The University of Alberta at War

When the First World War broke out on August 4, 1914, the University of Alberta had only 439 students and a small number of staff. By 1918, 484 staff and students had served in the armed forces, of whom 82 were killed. The first was Herbert Joseph Ball (d. May 1915), who was registered in the Faculty of Arts but was also a student at the Methodist Theological College, known as Alberta College South (later St. Stephen’s College).

Photo Courtesy of the University of Alberta Archives, Accession #69-12-075.

In 1915, Heber Moshier, Professor of Physiology, in the new School of Medicine was one of the founders of the 11th Field Ambulance, beginning as a major and rising to the rank of Colonel and commanding officer. Fifteen medical students, six theological students from Alberta College South, and a young university employee went with him. They were joined by students from universities in British Columbia, Alberta, Saskatchewan and Manitoba. They embarked for France on March 1916, and fulfilled battle field roles including medical treatment, retrieval of wounded and dead soldiers, and the transport of supplies. Many were stationed in Tottenham Tunnel at the Battle of Vimy Ridge behind the 4th Canadian Division. Moshier was killed in action on August 29, 1918, and was buried in Villers Station Cemetery in France.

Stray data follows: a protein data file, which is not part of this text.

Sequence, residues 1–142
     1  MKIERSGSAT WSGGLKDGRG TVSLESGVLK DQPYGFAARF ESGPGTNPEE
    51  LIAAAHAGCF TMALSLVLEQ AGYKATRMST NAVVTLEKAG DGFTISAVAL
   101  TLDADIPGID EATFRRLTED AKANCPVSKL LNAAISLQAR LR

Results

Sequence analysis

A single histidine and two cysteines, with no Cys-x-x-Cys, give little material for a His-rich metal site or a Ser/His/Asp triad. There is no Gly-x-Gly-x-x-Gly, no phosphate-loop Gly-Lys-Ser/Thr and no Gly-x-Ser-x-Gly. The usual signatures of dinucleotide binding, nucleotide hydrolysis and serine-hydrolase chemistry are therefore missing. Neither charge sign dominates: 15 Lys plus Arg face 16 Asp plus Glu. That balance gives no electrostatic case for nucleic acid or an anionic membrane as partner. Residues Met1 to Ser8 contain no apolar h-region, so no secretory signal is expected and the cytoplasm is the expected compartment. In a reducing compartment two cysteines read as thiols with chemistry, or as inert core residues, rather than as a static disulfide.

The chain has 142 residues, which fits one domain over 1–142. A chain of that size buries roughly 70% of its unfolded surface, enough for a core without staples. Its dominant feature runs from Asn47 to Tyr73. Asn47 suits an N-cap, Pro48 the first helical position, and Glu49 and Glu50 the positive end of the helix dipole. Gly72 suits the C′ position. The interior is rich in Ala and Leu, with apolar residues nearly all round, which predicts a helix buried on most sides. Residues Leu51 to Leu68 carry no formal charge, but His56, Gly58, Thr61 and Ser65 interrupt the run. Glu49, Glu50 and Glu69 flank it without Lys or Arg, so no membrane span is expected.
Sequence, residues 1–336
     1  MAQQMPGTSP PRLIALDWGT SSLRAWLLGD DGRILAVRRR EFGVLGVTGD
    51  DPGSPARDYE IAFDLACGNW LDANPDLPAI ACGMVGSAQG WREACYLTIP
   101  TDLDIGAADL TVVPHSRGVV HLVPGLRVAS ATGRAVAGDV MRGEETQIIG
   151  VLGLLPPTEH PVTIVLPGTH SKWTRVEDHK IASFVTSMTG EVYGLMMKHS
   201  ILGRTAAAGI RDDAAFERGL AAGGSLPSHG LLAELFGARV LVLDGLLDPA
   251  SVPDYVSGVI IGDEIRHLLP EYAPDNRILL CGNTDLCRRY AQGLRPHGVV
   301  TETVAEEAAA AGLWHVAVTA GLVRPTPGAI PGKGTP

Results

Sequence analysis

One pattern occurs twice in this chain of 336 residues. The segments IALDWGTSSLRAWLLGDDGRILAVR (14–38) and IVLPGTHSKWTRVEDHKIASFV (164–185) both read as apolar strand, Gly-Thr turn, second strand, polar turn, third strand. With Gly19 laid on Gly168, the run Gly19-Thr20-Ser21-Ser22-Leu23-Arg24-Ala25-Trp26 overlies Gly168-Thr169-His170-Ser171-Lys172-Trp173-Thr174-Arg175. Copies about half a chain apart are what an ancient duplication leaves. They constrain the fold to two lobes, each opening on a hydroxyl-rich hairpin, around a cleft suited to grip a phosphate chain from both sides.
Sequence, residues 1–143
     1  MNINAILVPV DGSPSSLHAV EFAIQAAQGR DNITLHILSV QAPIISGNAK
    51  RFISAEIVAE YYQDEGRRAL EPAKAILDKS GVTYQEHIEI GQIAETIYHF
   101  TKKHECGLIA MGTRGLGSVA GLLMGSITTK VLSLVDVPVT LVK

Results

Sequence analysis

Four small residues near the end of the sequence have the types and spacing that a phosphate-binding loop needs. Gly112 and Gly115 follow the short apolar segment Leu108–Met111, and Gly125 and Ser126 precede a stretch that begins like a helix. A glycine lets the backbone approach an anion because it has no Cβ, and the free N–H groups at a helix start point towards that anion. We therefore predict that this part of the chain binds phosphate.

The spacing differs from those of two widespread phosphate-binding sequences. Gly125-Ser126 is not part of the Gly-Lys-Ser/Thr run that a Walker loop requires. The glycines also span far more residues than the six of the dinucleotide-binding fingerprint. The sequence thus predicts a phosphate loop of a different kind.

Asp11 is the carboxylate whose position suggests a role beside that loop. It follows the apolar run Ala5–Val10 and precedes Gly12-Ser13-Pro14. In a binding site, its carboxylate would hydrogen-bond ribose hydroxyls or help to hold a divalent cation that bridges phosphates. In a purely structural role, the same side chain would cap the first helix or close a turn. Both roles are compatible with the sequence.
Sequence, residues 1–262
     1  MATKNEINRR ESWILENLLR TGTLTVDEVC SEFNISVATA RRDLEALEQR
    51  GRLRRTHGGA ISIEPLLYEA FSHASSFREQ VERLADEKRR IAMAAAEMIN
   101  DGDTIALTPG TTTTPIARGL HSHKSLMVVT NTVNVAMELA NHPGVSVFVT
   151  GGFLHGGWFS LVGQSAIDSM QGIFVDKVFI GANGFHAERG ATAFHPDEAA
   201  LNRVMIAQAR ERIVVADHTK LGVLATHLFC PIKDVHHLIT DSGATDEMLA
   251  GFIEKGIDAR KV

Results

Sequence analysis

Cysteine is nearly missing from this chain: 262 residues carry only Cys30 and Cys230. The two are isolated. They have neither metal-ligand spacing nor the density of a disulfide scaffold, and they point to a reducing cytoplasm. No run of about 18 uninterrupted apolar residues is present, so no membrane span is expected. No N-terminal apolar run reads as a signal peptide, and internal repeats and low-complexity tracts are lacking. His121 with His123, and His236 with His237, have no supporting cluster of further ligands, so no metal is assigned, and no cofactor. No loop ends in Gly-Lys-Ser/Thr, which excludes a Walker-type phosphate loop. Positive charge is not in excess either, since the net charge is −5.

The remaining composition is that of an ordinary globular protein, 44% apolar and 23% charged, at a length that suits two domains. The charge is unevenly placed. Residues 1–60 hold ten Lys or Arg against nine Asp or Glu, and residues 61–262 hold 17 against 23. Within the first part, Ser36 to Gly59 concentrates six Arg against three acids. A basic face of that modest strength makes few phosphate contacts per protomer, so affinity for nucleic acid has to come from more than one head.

The largest number of students and some staff became part of the 196th battalion, known as the Western Universities Battalion. U of A President Henry Marshall Tory was instrumental in its founding together with the presidents of the three other western universities. There were not enough students, so conditions of enlistment were amended to allow enlisted men to come from other universities including colleges and schools as well as “professional and businessmen of education.”

By Adriana A. Davies, CA, Cav. D’Italia, PhD

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